Far-flung changes have local impact on newsprint

The laws of supply and demand are pretty straightforward, which is probably why they’re called laws and not just ideas. However, in today’s global economy, things can get pretty complicated, connecting actions and consequences that seem completely remote from one another.

One illustration is how changes to laws in China affect the balance sheet of community newspapers in the United States.

For decades, China has been the destination for over half of the world’s recycling. Container ships would leave China with manufactured goods bound for North America and Europe. Rather than return empty they would return with containers full of recyclable materials. However, most of that material was paper, plastic, and metal collected from curbside pickup, which is known as “single stream” recycling. This meant that the materials needed to be sorted once they arrived in China, and anything unusable had to go to a landfill.

Tony Smithson
Tony Smithson

Over the past several years, the Chinese government has begun working to improve the country’s environmental impact. In support of this effort, during 2018 the government set strict standards for purity of imported recyclable material, and also severely curtailed the number of “import licenses” it issued for that same material.

The change to the purity standards means that the single stream recycling that used to arrive by the shipload now has to be sorted before heading overseas. Unfortunately, facilities in North America and Europe don’t have the capacity to suddenly handle all of this tonnage, so much of it is going to domestic landfills.

Unlike newsprint mills in North America, mills in China do not have access to their own forests to feed their mills with wood fiber. These mills have come to rely on imports, and have historically been engineered to use a large percentage of recycled fiber, in contrast to North American mills that are generally engineered to use mostly virgin fiber which has no recycled content.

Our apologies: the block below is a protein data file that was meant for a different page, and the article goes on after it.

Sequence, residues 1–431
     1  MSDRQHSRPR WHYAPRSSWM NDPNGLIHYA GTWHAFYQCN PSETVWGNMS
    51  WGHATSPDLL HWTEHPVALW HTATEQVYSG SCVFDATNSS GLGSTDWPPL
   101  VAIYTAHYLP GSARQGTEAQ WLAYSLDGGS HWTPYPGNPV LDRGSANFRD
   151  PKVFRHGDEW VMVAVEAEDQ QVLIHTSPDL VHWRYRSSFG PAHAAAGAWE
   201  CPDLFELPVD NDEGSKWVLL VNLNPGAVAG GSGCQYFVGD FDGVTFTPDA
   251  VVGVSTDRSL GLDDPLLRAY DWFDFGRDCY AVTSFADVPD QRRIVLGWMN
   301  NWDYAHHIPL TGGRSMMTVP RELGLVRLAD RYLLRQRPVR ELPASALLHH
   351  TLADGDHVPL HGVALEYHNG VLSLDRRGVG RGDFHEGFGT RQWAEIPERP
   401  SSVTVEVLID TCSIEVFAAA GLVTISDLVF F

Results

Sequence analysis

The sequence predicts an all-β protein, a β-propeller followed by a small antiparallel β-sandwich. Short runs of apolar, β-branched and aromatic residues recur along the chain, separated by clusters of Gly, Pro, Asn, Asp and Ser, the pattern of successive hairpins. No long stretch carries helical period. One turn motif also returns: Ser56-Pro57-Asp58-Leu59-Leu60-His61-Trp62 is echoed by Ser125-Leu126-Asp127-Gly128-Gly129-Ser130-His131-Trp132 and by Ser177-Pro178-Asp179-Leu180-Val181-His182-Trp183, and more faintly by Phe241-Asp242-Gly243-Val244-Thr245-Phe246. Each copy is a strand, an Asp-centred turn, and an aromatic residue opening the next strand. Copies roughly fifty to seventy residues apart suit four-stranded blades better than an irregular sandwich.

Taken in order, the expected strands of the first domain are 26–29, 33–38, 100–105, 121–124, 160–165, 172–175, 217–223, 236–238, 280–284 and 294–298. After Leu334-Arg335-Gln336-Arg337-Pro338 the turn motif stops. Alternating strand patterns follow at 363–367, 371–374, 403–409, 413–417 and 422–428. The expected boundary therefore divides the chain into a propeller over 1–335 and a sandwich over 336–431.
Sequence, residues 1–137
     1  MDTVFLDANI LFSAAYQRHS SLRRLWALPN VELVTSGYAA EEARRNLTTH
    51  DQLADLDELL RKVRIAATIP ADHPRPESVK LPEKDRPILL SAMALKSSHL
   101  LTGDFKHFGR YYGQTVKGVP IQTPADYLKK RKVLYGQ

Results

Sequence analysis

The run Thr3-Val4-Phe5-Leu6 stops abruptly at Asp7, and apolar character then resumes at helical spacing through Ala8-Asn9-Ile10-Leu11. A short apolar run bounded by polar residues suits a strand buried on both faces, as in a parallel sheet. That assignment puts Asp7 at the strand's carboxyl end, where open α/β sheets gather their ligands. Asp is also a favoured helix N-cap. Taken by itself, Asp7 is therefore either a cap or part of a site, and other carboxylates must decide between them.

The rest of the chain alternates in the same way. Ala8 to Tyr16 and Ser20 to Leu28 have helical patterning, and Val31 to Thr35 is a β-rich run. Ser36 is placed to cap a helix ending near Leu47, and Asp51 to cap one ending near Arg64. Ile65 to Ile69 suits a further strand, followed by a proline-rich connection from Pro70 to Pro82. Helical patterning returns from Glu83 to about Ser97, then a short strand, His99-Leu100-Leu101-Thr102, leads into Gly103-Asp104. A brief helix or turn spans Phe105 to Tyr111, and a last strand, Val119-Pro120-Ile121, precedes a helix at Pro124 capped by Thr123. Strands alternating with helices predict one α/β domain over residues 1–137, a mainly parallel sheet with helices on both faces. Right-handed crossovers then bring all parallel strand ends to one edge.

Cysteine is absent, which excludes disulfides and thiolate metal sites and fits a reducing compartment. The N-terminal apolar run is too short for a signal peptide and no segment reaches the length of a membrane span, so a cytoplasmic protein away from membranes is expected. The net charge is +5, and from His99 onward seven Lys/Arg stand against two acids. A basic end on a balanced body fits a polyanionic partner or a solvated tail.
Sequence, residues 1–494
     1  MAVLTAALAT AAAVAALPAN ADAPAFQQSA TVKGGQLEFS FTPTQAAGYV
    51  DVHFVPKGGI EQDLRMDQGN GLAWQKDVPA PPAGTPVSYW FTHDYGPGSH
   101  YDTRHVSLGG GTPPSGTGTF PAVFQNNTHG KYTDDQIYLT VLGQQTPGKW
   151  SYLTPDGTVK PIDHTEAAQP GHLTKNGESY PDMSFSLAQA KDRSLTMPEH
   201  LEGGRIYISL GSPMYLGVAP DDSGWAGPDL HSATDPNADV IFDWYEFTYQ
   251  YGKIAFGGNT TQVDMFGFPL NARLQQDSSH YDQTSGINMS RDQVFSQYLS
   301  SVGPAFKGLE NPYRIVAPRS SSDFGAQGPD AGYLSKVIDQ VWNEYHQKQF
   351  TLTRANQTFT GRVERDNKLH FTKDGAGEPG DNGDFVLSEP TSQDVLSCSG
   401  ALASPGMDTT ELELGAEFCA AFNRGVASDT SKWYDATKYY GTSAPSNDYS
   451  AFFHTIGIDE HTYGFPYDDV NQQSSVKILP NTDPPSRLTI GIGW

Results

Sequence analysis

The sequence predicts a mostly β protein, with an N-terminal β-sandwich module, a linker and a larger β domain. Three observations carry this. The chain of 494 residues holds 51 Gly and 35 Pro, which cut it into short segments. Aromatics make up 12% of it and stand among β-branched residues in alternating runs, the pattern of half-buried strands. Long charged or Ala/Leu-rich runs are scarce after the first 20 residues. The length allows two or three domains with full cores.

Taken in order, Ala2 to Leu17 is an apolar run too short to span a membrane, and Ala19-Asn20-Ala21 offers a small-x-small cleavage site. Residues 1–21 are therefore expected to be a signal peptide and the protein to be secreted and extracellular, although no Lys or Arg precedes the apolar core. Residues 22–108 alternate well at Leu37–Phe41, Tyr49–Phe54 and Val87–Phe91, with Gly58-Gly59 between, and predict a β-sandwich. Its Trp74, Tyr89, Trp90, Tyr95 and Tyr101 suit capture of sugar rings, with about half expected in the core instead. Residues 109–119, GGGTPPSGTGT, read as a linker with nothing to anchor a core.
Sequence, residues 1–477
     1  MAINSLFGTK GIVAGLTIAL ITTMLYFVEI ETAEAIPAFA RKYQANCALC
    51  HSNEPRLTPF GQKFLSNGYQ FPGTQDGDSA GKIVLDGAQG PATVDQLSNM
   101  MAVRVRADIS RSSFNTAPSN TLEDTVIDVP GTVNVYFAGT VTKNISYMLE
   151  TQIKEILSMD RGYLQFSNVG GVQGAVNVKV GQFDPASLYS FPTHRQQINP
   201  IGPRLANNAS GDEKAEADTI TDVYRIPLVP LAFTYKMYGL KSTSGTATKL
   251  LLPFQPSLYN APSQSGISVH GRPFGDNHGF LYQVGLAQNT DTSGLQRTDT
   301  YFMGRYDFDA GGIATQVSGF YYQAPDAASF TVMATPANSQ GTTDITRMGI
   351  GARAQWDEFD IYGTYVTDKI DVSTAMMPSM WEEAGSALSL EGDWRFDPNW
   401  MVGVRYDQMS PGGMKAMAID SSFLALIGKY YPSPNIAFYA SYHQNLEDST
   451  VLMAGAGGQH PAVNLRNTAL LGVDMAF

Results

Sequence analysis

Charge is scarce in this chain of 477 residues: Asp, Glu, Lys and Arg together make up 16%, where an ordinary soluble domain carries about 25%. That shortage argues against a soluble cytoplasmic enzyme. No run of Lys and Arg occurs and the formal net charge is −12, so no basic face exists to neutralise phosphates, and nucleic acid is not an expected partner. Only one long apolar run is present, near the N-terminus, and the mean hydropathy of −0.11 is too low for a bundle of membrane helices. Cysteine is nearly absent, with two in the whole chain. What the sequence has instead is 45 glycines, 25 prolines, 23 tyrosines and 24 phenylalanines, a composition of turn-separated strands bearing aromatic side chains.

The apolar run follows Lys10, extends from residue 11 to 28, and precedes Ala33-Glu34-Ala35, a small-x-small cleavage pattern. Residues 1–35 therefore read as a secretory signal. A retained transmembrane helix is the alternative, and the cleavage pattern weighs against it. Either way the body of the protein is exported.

The new limits on imported recycled materials were intended to increase recycling in China, which is very good for the environment overall. However, because it takes time to build the infrastructure for collecting and processing all of that recycled material, Chinese mills have faced a shortage of raw materials.

In response, Chinese printers have increased imports of newsprint made from virgin fiber. This meets the purity standards, and does not contribute to pollution in China. For this reason, China has recently gone from being a net exporter of newsprint to a net importer of newsprint.

An additional benefit to the Chinese from importing virgin newsprint comes from the fact that paper fibers can only be recycled a limited number of times. Each time paper is recycled, the fibers break down into smaller pieces, resulting in less paper and more unusable “sludge” going to the landfill. By injecting newer fibers into the papermaking process, yields go up and landfill deposits — along with costs — go down.

While importing finished newsprint helps printers and publishers, it does not keep the newsprint mills running. The solution to that problem is a product called “market pulp”.

Market pulp is an intermediate step in the paper making process that can be used as a raw material in newsprint, tissue, cardboard, or other paper products. North American companies have been exporting increasing amounts of market pulp to China.

In a sign that market players believe the Chinese recycling laws won’t be loosening any time soon, Chinese paper companies have been investing in fiber facilities outside of China with the intent of creating a permanent stream of raw materials to feed their mills.

Companies including Nine Dragons and Shanying International, two of the largest newsprint producers in China, have recently purchased facilities in North America. Nine Dragons purchased two pulp mills from Catalyst in Canada in 2018, and will continue the export business that was started under Catalyst.

So what does this all mean for a community publisher?

Despite the fact that North American publishers use of newsprint continues to fall steadily, the price has not changed in nearly six months. While producers have naturally looked for other markets as the demand for newsprint decreases, this change of direction in China adds a new dynamic that could prop up newsprint prices for the long term.

Another less likely scenario would be Chinese companies purchasing additional mills in North America with the goal of using those resources to supply the Chinese market. While many experts say this possibility is remote, such a move — particularly if it happened in the west — could make newsprint hard to find in the south and west of the United States.

The laws of supply and demand are simple in theory, but they’re a little more complicated in the real world. Welcome to 2019.

Tony Smithson is Vice President of Printing Operations for Bliss Communications in Janesville.